Yany or Laurel ?
Even with various explanations as to why we are all hearing this recording differently, people are still joining in the debate. "CBS This Morning" co-hosts Norah O'Donell and John Dickerson heard "Laurel" while Gayle King heard "Yanny."
Internet linguist Gretchen McCulloch explains “Audio illusions necessarily exist within time -- you have to play the audio clip over and over again to experience them. Whereas visual illusions can stay static while you examine them or zoom in on them or cover parts of them, so it feels more like you’re in control,” she says. It’s true: The nature of a sound bite makes this debate feel, as she put it, more “slippery.”
Poppy Crum, chief scientist at Dolby Laboratories, said a number of things are causing the divide in the great Yanny/Laurel debate.
First, there's a simple explanation as to why some people hear "Yanny" and some people hear "Laurel."
"People who hear or weight high/mid-high frequency more strongly will hear 'Yanny,'" Crum said. "The perception of 'Laurel' is experienced when the lower frequency information is dominant in the experience."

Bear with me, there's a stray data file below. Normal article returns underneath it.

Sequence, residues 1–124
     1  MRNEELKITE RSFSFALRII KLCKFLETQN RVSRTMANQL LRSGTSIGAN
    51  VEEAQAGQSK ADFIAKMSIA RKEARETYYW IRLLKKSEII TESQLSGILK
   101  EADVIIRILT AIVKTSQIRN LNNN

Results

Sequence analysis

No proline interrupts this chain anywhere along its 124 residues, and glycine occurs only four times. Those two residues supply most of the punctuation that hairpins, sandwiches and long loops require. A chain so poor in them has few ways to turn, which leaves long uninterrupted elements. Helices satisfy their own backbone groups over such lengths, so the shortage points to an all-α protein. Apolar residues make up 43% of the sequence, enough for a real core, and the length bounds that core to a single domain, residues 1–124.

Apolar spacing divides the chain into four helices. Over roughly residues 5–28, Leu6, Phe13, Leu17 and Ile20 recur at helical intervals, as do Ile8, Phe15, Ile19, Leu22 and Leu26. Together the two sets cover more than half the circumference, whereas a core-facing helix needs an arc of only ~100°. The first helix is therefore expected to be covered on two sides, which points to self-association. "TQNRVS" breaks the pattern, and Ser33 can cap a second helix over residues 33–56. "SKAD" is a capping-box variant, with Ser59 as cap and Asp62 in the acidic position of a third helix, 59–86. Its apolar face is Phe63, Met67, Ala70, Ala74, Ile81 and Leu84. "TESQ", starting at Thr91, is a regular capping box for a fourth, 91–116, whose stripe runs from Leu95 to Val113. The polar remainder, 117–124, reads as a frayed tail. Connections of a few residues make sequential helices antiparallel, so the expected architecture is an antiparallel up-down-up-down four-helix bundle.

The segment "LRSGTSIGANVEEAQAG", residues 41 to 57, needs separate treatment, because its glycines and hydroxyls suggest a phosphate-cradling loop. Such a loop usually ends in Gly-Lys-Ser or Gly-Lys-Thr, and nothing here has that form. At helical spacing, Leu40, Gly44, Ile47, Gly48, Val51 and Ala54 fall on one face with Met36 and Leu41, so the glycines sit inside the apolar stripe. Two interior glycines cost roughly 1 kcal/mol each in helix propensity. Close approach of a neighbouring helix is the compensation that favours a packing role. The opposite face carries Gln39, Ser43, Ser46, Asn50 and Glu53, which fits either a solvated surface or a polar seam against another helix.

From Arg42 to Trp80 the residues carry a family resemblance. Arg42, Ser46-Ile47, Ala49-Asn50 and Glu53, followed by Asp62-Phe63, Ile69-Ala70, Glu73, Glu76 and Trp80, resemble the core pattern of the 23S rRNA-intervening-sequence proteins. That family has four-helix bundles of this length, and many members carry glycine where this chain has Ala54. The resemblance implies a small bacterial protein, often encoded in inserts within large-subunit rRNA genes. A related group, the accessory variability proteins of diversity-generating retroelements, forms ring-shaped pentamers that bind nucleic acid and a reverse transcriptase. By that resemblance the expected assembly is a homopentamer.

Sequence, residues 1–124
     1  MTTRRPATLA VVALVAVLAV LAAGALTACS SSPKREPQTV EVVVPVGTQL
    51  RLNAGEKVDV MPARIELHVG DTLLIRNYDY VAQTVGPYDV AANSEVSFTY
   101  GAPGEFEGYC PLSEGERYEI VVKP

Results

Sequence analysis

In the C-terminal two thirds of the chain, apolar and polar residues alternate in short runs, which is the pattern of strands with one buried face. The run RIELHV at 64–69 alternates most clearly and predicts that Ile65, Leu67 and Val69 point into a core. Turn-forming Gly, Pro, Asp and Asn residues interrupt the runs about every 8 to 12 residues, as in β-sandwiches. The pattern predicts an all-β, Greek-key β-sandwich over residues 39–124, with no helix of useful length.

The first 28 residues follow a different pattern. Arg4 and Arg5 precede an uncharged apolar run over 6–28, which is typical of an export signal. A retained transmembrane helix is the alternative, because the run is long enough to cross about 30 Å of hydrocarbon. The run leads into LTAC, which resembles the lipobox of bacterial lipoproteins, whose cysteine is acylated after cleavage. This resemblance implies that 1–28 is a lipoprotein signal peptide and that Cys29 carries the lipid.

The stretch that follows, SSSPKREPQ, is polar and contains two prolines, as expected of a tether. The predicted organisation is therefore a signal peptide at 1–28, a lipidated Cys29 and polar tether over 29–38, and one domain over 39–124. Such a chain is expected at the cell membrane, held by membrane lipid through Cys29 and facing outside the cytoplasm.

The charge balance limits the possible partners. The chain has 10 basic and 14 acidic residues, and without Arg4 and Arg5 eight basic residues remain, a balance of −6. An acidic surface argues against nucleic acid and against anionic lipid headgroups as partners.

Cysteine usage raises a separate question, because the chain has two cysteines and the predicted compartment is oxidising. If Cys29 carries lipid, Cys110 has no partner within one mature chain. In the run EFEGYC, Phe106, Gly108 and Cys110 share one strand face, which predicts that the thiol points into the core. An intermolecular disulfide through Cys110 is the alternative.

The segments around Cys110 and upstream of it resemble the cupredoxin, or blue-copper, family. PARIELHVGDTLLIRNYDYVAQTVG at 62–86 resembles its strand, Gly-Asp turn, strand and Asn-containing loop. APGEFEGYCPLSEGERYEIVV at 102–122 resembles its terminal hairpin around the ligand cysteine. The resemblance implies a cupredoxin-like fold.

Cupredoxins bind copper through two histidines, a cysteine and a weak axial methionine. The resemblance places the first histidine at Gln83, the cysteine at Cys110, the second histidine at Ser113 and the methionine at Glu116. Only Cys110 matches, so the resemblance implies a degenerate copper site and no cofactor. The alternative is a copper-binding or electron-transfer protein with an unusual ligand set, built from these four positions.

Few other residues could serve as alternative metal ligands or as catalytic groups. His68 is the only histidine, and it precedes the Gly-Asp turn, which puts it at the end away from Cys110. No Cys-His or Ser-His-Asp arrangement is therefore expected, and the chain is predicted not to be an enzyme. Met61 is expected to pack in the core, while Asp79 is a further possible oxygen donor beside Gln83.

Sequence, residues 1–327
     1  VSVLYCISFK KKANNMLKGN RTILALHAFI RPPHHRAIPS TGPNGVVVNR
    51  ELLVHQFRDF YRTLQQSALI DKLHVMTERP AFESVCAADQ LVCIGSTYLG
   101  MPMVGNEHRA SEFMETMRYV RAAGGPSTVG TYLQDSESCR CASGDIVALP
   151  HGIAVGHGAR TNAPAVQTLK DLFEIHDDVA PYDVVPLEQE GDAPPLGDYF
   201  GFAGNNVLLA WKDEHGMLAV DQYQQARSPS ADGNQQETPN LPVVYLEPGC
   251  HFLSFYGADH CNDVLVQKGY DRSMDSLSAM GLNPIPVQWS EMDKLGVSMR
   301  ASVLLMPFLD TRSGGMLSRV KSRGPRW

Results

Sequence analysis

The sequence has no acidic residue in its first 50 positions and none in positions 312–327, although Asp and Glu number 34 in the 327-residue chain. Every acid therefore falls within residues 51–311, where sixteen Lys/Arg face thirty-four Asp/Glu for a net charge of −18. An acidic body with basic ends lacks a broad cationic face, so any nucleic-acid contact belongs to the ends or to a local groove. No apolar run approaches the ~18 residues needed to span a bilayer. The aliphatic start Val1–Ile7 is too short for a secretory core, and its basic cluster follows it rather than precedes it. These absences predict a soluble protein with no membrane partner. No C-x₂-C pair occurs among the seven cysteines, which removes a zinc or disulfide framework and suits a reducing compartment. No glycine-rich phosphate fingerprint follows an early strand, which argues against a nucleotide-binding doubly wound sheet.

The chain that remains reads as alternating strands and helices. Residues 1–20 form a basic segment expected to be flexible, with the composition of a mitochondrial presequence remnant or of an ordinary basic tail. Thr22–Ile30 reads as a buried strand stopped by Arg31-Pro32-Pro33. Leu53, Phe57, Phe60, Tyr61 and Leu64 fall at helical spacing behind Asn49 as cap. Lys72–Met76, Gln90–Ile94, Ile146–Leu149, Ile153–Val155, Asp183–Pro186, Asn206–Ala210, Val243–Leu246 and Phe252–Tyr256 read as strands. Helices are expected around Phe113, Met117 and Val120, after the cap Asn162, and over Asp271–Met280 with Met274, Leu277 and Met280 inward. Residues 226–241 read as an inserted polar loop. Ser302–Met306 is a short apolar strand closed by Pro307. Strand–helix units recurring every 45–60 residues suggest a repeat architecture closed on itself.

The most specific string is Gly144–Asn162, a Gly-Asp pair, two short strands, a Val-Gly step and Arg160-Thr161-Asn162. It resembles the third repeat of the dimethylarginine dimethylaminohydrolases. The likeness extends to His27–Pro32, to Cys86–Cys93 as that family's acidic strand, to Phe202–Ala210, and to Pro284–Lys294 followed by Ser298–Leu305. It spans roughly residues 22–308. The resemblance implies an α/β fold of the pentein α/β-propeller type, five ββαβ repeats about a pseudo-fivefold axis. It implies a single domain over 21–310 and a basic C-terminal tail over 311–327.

But there are other reasons, Crum said. Human beings perceive sound differently on a physiological level. This can be attributed to age, gender and other personal demographics that determine how we hear sound. Additionally, external elements like language and dialect can create biases in interpreting sound that change the perceptions in different people.
"Language, dialect, exposure to relevant sounds in someone’s environment, and even gender from the content of our own voices can alter how we experience the exact same information," Crum said
What do You Hear? Yany or Laurel